Republic of the Congo – One of the two Congos
The two Congos are separated from the Congo and its tributary Ubangi. In the southeast of the republic, the Congo is temporarily expanding into a kind of lake, the Pool Marengo. On one of the banks of this “pool” is Brazzaville, the capital of the Republic of the Congo. On the opposite bank is Kinshasa, the capital of the Democratic Republic of the Congo.
With the collapse of the Eastern bloc, the head of state and party leader Sassou-Nguesso began democratizing the country in the early 1990s. The People’s Republic of the Congo was renamed the Republic of the Congo. But after Sassou-Nguesso was defeated in the first democratic and highly controversial elections against Lissouba, the attempt at democratization turned into a civil war. This civil war was followed by two more – numerous fatalities and huge waves of refugees were the result.
|Name of the country||Republic of the Congo|
|Form of government||Presidential Republic|
|Geographical location||West coast of central Africa|
|National anthem||La Congolaise|
|Population||about 5.5 million (Credit: Countryaah: Republic of the Congo Population)|
|Ethnicities||mostly bantu groups|
|Religions||60% of the population are Catholic, 10% Protestant, 10% are Muslims, 20% follow natural religions|
|Languages||French is the official language|
|Highest mountain||Monts de la Lékéti with an altitude of 1,040 m|
|Longest river||Congo with a length of 4,835 km|
|Largest lake||There are no larger lakes in the Republic of the Congo.|
|International license plate||RCB|
|National currency||CFA franc = 100 centimes|
|Time difference to CET||0 h|
|International phone code||00242|
|Mains voltage, frequency||220 volts and 50 hertz. Adapter recommended|
|Internet TLD (Top Level Domain)||.cg|
Republic of the Congo: history
The Kingdom of the Congo
In the area of today’s Angola, the Republic of the Congo and the Democratic Republic of the Congo, the Kingdom of the Congo was established around 1370 and existed until the 17th century. This Bantu empire was one of the most important and largest African states. Smaller pre-colonial kingdoms in the region included the Lunga Empire, whose center was near Pointe-Noire, and the Bateke Kingdom, which existed until the end of the 19th century.
The colonial era
According to Abbreviationfinder website, in 1880 France began to occupy the region north of the Congo River, which was united with Gabon in 1888 and declared a colony of French Congo in 1891. From 1910 the country belonged to Gabon, Central Africa and Chad to the colony of French Equatorial Africa, Brazzaville became the capital.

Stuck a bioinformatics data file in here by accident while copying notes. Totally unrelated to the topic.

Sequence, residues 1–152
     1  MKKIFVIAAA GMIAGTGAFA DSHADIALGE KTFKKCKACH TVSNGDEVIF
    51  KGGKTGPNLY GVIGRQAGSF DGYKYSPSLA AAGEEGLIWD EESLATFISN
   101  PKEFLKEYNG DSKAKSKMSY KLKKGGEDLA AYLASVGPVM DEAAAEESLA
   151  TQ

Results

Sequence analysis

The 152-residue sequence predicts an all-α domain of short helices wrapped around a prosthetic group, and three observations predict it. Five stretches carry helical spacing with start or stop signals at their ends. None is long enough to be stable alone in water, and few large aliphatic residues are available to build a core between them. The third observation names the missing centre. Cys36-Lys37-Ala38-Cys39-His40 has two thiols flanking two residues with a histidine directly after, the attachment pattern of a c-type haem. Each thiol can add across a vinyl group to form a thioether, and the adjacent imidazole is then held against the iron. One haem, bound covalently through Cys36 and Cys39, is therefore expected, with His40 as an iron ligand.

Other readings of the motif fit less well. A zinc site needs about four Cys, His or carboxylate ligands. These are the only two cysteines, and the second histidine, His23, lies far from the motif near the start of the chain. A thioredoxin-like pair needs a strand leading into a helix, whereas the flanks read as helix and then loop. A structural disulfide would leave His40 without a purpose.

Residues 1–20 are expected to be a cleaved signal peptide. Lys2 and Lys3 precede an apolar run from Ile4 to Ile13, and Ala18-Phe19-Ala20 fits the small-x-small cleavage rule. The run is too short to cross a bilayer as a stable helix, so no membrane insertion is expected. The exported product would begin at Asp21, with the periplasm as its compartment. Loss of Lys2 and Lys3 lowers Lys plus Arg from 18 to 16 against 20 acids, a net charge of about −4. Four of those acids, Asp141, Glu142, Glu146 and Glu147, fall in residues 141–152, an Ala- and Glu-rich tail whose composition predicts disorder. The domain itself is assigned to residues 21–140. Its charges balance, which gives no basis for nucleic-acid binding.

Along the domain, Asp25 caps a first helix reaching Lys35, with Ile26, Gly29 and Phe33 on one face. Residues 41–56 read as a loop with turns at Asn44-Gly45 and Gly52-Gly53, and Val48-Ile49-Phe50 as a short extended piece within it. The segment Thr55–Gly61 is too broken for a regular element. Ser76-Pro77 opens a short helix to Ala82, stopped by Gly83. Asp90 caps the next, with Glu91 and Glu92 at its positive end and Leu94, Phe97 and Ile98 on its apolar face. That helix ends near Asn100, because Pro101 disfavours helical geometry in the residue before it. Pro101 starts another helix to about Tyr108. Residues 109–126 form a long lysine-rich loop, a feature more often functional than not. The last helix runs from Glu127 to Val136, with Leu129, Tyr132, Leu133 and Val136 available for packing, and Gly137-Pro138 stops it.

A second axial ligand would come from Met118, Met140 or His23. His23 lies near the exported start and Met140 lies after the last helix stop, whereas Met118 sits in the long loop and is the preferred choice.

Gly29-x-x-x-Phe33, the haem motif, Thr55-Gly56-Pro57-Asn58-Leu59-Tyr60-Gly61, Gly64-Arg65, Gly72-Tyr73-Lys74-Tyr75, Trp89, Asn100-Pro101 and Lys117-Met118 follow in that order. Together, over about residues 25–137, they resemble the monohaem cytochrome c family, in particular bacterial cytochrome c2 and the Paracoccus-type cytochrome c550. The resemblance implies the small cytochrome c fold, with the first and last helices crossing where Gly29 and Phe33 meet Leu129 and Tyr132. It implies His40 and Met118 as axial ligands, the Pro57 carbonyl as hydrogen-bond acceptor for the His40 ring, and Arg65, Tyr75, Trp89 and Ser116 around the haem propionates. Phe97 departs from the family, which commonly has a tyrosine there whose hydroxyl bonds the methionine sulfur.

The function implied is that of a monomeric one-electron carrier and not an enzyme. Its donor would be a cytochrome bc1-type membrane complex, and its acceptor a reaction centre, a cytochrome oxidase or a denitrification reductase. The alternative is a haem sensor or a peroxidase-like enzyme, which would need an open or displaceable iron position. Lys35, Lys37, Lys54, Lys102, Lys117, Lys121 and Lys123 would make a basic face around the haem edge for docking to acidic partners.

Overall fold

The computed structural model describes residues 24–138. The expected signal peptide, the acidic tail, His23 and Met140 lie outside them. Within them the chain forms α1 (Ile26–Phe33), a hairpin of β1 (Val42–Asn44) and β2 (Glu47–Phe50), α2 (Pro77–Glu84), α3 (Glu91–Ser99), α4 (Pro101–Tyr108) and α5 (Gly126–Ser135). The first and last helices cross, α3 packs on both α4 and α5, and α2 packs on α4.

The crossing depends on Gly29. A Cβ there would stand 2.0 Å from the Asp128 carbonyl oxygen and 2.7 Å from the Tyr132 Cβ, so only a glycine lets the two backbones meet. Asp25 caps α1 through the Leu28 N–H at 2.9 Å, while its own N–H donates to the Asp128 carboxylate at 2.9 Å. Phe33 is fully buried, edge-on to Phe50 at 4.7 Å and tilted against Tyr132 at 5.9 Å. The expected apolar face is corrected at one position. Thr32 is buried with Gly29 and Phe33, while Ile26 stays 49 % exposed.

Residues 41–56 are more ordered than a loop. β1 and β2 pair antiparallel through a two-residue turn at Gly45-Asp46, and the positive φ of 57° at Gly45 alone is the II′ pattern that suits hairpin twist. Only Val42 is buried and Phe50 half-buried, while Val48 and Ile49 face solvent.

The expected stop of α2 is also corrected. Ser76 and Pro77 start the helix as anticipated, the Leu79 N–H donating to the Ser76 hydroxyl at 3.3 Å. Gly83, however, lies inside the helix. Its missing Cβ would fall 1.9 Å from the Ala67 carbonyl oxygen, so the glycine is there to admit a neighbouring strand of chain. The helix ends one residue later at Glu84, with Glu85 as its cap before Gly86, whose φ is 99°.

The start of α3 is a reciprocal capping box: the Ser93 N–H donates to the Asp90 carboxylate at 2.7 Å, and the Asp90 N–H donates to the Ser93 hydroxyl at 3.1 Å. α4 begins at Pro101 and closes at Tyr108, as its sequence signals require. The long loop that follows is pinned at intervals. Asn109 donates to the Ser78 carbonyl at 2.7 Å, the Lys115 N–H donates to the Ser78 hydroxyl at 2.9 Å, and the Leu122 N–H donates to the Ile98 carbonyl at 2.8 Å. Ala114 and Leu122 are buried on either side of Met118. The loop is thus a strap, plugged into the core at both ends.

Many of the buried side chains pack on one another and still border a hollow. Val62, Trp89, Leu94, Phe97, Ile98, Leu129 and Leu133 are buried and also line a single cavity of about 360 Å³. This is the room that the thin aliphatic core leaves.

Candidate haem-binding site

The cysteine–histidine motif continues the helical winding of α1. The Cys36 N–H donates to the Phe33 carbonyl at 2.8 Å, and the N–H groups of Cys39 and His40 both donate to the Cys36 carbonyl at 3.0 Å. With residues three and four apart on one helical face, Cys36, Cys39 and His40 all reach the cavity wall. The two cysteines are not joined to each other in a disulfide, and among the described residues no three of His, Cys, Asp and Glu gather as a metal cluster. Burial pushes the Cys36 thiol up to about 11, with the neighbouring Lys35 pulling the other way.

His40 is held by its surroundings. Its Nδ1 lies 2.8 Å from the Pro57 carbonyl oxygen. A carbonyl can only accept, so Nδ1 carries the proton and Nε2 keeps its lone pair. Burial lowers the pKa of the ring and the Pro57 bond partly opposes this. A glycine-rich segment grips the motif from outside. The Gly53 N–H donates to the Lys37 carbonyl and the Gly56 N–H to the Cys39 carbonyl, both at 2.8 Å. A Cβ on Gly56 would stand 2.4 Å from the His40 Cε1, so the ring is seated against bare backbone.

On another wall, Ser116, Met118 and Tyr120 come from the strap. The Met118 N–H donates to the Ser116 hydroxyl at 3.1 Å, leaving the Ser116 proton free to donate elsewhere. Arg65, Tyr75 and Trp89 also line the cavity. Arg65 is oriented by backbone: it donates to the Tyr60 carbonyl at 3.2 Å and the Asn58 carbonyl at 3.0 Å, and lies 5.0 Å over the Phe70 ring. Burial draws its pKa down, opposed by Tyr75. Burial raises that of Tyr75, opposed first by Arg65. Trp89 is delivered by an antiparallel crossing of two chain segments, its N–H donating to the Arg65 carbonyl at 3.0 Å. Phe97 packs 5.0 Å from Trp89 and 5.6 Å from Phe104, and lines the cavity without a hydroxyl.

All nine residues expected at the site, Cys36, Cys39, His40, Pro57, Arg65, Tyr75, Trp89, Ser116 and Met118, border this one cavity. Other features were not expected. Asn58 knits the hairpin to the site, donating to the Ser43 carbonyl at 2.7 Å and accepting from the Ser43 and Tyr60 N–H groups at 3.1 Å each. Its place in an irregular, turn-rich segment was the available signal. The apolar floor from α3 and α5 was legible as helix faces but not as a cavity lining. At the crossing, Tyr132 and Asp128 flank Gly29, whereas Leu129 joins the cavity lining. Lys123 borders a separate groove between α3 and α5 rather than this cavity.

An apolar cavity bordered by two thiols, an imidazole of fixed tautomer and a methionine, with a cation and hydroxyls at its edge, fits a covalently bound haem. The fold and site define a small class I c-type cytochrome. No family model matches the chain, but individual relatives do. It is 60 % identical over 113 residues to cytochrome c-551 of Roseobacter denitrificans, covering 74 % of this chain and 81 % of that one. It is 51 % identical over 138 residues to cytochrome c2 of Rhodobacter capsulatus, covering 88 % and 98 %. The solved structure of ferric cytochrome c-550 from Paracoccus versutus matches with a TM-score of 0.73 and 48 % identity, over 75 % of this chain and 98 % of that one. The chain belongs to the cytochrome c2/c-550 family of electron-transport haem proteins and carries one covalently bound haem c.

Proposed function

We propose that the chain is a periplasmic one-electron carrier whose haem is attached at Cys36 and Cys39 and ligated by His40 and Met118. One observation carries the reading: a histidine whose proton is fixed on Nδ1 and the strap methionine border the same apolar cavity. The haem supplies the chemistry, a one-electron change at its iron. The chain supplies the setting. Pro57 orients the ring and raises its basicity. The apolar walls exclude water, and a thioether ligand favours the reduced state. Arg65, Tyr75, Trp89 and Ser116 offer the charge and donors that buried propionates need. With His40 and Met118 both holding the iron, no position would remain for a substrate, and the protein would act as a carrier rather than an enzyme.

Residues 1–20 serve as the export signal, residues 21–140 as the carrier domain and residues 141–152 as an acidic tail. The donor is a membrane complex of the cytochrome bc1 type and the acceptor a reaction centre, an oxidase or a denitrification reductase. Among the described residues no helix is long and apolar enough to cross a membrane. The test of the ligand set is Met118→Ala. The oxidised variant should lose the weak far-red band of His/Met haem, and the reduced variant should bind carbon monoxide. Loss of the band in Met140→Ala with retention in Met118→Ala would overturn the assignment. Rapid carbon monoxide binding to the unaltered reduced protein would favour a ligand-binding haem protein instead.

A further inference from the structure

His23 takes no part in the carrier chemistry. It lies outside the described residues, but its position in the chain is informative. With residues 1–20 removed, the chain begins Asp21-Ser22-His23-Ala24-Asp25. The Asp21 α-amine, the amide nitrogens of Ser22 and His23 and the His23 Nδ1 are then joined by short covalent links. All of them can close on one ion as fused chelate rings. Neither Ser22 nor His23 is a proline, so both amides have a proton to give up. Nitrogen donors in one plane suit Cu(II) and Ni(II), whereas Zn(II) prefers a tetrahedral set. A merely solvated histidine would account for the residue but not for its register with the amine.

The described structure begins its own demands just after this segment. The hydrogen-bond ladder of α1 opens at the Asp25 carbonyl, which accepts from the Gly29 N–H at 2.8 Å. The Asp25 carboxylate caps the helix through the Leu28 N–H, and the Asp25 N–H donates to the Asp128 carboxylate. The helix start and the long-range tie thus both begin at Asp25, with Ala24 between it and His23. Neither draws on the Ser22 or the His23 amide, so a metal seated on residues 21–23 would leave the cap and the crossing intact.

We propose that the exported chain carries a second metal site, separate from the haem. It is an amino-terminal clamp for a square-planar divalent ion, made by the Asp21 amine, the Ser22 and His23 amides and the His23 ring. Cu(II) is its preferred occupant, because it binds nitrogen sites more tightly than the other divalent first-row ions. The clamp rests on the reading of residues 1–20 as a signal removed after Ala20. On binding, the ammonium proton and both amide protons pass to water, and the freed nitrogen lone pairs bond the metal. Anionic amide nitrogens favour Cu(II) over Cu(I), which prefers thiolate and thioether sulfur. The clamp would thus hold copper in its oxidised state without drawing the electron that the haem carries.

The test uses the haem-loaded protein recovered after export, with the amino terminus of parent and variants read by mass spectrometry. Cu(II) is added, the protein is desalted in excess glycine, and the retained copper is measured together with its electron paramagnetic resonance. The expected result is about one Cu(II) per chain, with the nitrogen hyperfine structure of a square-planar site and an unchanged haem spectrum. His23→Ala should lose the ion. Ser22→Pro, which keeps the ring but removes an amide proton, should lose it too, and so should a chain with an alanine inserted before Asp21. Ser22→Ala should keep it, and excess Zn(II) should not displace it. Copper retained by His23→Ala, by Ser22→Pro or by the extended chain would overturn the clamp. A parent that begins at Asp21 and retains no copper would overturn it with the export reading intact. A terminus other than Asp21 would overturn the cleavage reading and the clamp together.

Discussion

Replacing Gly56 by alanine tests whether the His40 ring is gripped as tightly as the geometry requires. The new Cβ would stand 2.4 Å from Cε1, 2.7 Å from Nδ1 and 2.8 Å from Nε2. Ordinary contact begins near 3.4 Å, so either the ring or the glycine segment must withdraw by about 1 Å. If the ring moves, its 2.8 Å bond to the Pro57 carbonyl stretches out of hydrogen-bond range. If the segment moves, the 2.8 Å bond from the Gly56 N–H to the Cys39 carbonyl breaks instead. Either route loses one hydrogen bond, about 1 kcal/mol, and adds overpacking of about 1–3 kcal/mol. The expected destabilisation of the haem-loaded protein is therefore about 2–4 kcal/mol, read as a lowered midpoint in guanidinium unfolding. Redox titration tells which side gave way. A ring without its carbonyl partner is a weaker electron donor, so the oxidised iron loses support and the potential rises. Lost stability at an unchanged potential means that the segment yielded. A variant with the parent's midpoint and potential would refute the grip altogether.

Republic of the Congo
In 1957 the area became autonomous and in 1960 the independent Republic of the Congo-Brazzaville was established in the French Community. The first President, F. Youlou, was overthrown in 1963, and after a series of overthrow attempts, President A. Massemba-Débat was also deposed in 1969. After the establishment of a National Revolutionary Council headed by M. Ngouabi, the Congo was declared a People’s Republic in 1969. The government established close ties to the communist states and brought in Cuban military and civil advisers, among others, but remained an associated EC member. Brazzaville was used by the Soviet Union as a supply base for the Angolan liberation movement MPLA during the Angolan civil war. Meanwhile, the country’s population increasingly suffered from the mismanagement. 1977 Ngouabi was murdered, his successor J. Yhombi-Opango was also overthrown in 1979. Colonel D. Sassou-Nguesso became the new head of state and party. His policy was aimed at greater cooperation with the Western powers.
After the collapse of the Soviet Union, Sassou-Nguesso began to initiate a process of democratization in 1990. At the National Conference convened in 1991, it was decided to rename the country the Republic of the Congo. In 1992 the new presidential democratic constitution came into force. In the controversial parliamentary and presidential elections of 1993, Professor P. Lissouba was elected President. However, bloody clashes and an intervention by Angolan troops on the side of the ex-president in 1997 led to Lissouba’s fall and Sassou-Nguesso to regain power. In 2002 he stood for election and was confirmed in office with 89% of the vote.